Just days after Sunday's Golden Globes, which saw supporters of the Time's Up movement wearing all-black dress code, Meryl joined actors and filmmakers including her The Post co-star Tom Hanks, Angelina Jolie, and Get Out director Jordan Peele at the ceremony held at the Cipriani 42nd Street in NY on Tuesday evening. Everything about the film feels weirdly familiar today. The report commissioned by Secretary of Defense Robert McNamara (Bruce Greenwood) revealed that five administrations had lied about US prospects for victory in Vietnam. But as the Post gets ready to print what it has, a new wrinkle develops: A federal judge, at the request of Nixon (who is heard throughout the movie via Tricky Dick's own secret tapes), orders the Times to cease publication of its Pentagon Papers stories - the first time a government body has stopped a news outlet before it printed something.
Should the Post reveal that damning information to the public? While the momentous choice they made is familiar, the struggles behind the scenes make an absorbing drama and an intelligent history lesson. The story emphasizes the low-tech leg-work of reporting in the pre-internet era, particularly as reporter Ben Bagdikian (Bob Odenkirk) tries to verify his suspicion that Ellsberg is the source of the Pentagon Papers leak. On the one hand, there's the procedural story of reporters uncovering a far-reaching scandal, which is right in the wheelhouse of co-screenwriter and Spotlight Oscar-winner Josh Singer.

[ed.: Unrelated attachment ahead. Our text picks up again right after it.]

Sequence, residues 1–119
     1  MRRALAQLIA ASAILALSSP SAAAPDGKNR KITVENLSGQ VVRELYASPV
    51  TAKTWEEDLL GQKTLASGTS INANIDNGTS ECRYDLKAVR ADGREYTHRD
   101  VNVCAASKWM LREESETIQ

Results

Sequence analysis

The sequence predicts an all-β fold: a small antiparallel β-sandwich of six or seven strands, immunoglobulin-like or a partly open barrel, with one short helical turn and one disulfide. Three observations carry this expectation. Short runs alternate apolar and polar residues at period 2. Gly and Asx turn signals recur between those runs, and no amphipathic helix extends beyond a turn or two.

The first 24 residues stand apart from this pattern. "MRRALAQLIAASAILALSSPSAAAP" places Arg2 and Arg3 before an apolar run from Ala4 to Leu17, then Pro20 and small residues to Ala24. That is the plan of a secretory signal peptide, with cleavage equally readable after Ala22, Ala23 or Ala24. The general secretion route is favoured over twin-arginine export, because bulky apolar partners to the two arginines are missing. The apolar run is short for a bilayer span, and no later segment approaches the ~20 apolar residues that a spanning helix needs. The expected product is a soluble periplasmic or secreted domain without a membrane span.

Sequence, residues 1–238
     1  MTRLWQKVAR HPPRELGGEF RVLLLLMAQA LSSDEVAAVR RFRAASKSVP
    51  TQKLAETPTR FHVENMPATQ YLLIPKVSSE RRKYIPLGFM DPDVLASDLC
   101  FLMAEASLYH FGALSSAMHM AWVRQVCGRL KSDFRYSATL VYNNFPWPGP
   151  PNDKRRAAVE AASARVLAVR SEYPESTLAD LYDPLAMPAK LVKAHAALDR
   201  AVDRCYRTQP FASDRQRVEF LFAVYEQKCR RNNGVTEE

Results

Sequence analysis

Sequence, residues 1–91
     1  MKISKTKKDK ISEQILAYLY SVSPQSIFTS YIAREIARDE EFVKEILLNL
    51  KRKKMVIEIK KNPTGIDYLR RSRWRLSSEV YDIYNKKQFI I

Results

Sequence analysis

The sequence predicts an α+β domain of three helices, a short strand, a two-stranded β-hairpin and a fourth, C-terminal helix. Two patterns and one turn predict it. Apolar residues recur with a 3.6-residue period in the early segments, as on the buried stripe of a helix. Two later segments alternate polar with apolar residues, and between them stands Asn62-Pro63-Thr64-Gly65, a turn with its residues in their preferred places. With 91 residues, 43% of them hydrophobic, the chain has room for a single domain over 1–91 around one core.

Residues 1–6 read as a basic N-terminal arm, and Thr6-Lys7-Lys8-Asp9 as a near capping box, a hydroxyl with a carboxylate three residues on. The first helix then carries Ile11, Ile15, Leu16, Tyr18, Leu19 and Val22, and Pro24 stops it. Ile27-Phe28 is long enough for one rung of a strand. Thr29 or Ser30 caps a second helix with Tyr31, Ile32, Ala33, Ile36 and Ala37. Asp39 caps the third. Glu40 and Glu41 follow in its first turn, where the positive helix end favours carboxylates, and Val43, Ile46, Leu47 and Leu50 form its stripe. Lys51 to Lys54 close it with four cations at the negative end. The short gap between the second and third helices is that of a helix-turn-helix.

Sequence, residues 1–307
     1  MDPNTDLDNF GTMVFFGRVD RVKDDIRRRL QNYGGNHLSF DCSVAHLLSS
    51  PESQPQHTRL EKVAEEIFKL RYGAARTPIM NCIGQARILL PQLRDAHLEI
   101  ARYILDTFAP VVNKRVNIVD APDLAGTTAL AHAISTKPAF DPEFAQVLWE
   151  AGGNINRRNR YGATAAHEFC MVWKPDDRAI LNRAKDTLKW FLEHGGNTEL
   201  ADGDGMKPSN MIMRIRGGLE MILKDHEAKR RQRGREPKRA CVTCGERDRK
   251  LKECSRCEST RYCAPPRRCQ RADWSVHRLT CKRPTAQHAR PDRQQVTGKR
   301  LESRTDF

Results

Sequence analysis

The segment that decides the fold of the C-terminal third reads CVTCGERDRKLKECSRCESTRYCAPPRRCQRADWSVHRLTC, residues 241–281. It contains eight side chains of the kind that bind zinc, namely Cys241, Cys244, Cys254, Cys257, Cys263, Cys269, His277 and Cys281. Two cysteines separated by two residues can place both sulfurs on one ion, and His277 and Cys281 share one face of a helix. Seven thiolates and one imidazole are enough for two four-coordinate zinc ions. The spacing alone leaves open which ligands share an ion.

He was an irascible alpha male, amiable and warm when he chose to be but a swashbuckling commander in his heart of hearts.
As you might expect, some people will see parallels with the current White House, which derides the Post and other newspapers and networks as purveyors of fake news. People were too cowed by him to disobey. And even as Katherine sips wine with Abe Rosenthal, managing editor of the Times, she also has one eye on her competition. Graham, meanwhile, faced enormous pressure from her board of directors who did not want the paper to publish the papers.
"Well she's certainly raising the bar for whomever decides to run, because they better burn the barn the same way, because it's just we realize how thirsty we are for that sort of return to a passionate adherence to our values and principles to our country".More news: Nintendo races into 2018 with new titles, remastered ports, and game updates
We've seen a lot of iterations of Steven Spielberg, from Sci-Fi Spielberg (Minority Report, War of the Worlds) to Prestige Spielberg (Schindler's List, Lincoln) to Middlebrow Schmaltz Spielberg (The Terminal, War Horse). Here he's not aiming to be artistically bold or visually striking but to create a strongly emotional feminist saga. Bradlee and Graham clash, but there is a foundation of respect there too, and it is a joy to watch Hanks and Streep share the screen. Moment by moment and gesture by gesture, she masterfully moves Graham toward emerging confidence in a time of national crisis. With a slew of Academy Awards nominations likely on the horizon, The Post is one hell of a way to kick off a career.
"I love men", Streep started.
But she did take a moment to say: "I think the movie really did meet its moment in time, and time's up, let's go girls". "Immediately I though Sully, Bridge of Spies, because those are the most recent ones", Streep answered, after taking some time to think about it.